I'm a Rambling Writer: The Benefits of Micro-Fiction

Flash Fiction Forward
Flash Fiction Forward (Photo credit: marklarson)

Flash fiction, sudden fiction, micro-fiction, micro-story, short short, postcard fiction, short short story…it goes by many names. But the purpose of them all is fiction of extreme brevity. In other words, short. I mean, really short.

There is no widely accepted definition of the length of the category. Some self-described markets for flash fiction impose caps as low as three hundred words, while others consider stories as long as a thousand words to be flash fiction. Flash fiction has roots going back to Aesop’s Fables, and practitioners have included Saadi of Shiraz (The Gulistan), Bolesław Prus, Anton Chekhov, O. Henry, Franz Kafka, H.P. Lovecraft, Yasunari Kawabata, Ernest Hemingway, Julio Cortázar, Arthur C. Clarke, Ray Bradbury, Kurt Vonnegut, Jr., Fredric Brown.

Flash-fiction often contains the classic story elements: protagonist, conflict, obstacles or complications, and resolution. However, unlike a traditional short story, the limited word length often forces some of these elements to remain unwritten – that is, hinted at or implied in the written storyline. Different readers thus may have different interpretations of the flash fiction. This principle, taken to the extreme, is illustrated in a six-word flash story  reportedly penned by Ernest Hemingway: “For sale: baby shoes, never worn.”

New life has been brought to flash fiction by the Internet, with its demand for short, concise works. Ezines and hypertext literary spaces offer writers a ready market for flash-fiction works. However, flash fiction is also published by many print magazines. Markets specializing in flash fiction include Flash Fiction Online and Vestal Review. The Micro Award, created in 2007, is the first award dedicated solely for flash fiction.

Essentials of Micro-fiction

Camille Renshaw wrote an article for pif Magazine about the essentials of micro-fiction. Micro-fiction, by nature, is defiant. It defies length, boundaries, and expectations. Such tight, provocative writing requires analysis and editing. Taking an idea and distilling it into a “micro”- cosm of its original self is challenging – the purpose of micro-fiction. So what are the essentials of Micro-fiction (for more detail, read Renshaw’s article)?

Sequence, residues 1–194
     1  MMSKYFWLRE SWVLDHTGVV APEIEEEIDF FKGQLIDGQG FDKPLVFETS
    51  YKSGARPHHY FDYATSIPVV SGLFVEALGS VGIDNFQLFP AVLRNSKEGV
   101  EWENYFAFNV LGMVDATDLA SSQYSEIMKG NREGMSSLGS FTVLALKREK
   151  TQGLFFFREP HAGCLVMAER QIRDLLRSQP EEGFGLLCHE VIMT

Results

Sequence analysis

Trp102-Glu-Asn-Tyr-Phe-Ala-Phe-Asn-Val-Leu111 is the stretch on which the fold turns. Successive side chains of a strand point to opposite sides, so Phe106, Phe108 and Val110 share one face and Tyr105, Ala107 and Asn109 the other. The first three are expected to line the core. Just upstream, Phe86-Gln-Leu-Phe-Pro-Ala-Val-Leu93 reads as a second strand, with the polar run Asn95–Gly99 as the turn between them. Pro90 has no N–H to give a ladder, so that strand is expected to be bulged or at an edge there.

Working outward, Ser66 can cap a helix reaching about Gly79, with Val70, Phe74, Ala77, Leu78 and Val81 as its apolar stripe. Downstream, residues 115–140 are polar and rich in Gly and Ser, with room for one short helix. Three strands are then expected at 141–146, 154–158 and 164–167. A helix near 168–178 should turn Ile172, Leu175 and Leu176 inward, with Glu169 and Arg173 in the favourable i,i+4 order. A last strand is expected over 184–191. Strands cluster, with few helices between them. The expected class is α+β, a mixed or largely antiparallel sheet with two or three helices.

1. Length and form obviously matter.
  2. Be willing to edit and re-edit.
  3. Use soul-stirring language.
  4. Use imagery to carry the thread of the story.
  5. Make it tight and concise.
  6. Play against expectations.
  7. Key requirement of a literary short fiction is Implication.
  8. Use a directive last sentence that gives narrative insight or opinion.
  9. Make rereads necessary or at least inviting.
  10. Close with a phrase that sends the reader back into the story.
  11. Know when you’ve made your point.

Examples of Micro-fiction

Here’s an example, a work of “microfiction” by Ana Maria Shua:

I have nothing against fried eggs. They’re the ones who look at me with amazement, terrified, wide-eyed.

Here’s a prose poem from Charles Simic’s Pulitzer Prize winning collection, The World Doesn’t End.

The stone is a mirror which works poorly. Nothing in it but dimness. Your dimness or its dimness, who’s to say? In the hush your heart sounds like a black cricket.

Amy Hempel’s story “Housewife” is a prime example:

She would always sleep with her husband and with another man in the course of the same day, and then the rest of the day, for whatever was left to her of that day, she would exploit by incanting, “French film, French film.”

(yes, this is Hempel’s story in its entirety)

Give it a try.

With a nod to spring, Gotham Writers’ Workshop has partnered with Writing.com to present The ‘Write’ of Spring Tweet Writing Contest. Following the Twitter craze, they challenge you to dazzle them with a piece of writing that is no more than 140 characters (characters = letters, punctuation marks, and spaces). You may write on any topic and use any form—fiction, nonfiction, or poetry. As Strunk and White say, “Vigorous writing is concise.”

The winning tweet will be published in the next Gotham catalog and online at WritingClasses.com. The winner will also receive:

  • 10-week Writing Workshop
  • Premium one-year Writing.com membership
  • $25 Barnes & Noble Gift Card
  • 12-month subscription to The Writer.
  • Bragging rights

Practice, Exercise, Become a Better Writer

Feel like your writing is meandering all over the place? Need a way to rein it in? Micro-fiction is an excellent practice for a writer. It forces you to work on forming tight, clear, cohesive sentences and telling a story in the most powerful, shortest, to-the-point way as possible.

2 thoughts on “I'm a Rambling Writer: The Benefits of Micro-Fiction

  1. I’ll have to give this a try. I think it would be a great exercise for writers (ahem, me) who tend to write lengthy, wordy sentences.


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